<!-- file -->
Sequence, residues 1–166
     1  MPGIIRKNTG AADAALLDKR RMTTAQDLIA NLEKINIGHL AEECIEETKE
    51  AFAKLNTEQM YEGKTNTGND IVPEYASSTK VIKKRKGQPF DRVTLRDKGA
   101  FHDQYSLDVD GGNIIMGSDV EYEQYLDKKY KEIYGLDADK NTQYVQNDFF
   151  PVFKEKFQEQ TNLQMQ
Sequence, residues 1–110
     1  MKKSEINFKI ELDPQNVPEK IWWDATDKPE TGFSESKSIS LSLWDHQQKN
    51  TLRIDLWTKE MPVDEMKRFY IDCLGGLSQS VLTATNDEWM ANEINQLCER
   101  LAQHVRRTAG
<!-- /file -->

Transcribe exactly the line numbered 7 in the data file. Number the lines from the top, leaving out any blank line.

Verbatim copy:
     1  MKKSEINFKI ELDPQNVPEK IWWDATDKPE TGFSESKSIS LSLWDHQQKN